I'm a little pressed for time today 'cause my mid-term test is tomorrow. This is a molecule for all you hard-core biochemists out there.
You have to give me the common name of this molecule and explain what it's used for. You'll be pleased to know that I don't need the systematic IUPAC name for this one.
There's an indirect connection between this molecule and Wednesday's Nobel Laureate(s). Your task is to figure out the significance of today's molecule and identify the Nobel Laureate(s) who worked with it.
The reward goes to the person who correctly identifies the molecule and the Nobel Laureate(s). Previous winners are ineligible for one month from the time they first collected the prize. There are three ineligible candidates for this week's reward.1 The prize is a free lunch at the Faculty Club.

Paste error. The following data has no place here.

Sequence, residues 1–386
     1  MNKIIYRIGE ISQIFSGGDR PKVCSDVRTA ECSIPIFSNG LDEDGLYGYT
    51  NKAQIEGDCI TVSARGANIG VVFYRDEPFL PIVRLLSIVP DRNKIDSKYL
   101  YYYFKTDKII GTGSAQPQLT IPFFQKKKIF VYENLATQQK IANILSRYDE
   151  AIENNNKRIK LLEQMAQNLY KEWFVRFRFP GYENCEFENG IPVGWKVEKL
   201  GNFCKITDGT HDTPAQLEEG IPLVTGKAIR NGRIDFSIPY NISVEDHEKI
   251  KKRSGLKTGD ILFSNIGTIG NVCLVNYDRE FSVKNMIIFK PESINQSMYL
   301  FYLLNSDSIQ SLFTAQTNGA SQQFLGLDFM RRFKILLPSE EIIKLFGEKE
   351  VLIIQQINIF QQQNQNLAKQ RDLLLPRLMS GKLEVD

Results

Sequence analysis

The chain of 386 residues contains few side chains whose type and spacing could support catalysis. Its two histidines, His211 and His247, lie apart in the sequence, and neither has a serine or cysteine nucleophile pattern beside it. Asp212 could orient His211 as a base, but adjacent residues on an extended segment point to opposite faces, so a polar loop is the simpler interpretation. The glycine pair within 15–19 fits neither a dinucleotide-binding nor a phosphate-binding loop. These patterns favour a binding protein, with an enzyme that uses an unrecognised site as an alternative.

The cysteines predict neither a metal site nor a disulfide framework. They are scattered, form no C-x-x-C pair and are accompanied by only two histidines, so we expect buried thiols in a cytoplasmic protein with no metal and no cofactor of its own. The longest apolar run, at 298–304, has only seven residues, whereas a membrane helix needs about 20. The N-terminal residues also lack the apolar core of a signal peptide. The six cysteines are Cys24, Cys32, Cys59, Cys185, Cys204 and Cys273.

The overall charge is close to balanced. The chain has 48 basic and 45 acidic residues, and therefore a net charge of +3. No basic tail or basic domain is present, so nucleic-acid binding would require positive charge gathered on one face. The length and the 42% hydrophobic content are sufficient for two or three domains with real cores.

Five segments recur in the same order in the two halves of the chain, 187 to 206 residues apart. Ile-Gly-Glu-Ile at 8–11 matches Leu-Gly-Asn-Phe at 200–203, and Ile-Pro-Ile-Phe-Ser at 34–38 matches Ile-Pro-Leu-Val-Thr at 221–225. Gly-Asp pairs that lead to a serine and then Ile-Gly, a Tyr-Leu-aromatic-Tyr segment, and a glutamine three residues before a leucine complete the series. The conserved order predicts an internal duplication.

Send your guess to Sandwalk (sandwalk(at)bioinfo.med.utoronto.ca) and I'll pick the first email message that correctly identifies the molecule and the Nobel Laureate. Note that I'm not going to repeat Nobel Laureates so you might want to check the list of previous Sandwalk postings.
Correct responses will be posted tomorrow along with the time that the message was received on my server. I may select multiple winners if several people get it right.
UPDATE: The winner is Mike Fraser who correctly guessed that this is the tert-butyloxycarbonyl derivative of valine, also known as Boc-valine. The Boc group acts as a carboxy-terminal blocking group in the chemical synthesis of proteins. The most common peptide synthesizers are the solid phase peptide synthesizers originally developed by Bruce Merrifield. Merrifield received the Nobel Prize in 1984.
1. Here's an interesting bit of trivia. How many ScienceBlogTM authors have won the free lunch? How many have guessed the correct answer even though they weren't the first to do so? The answers might surprise you.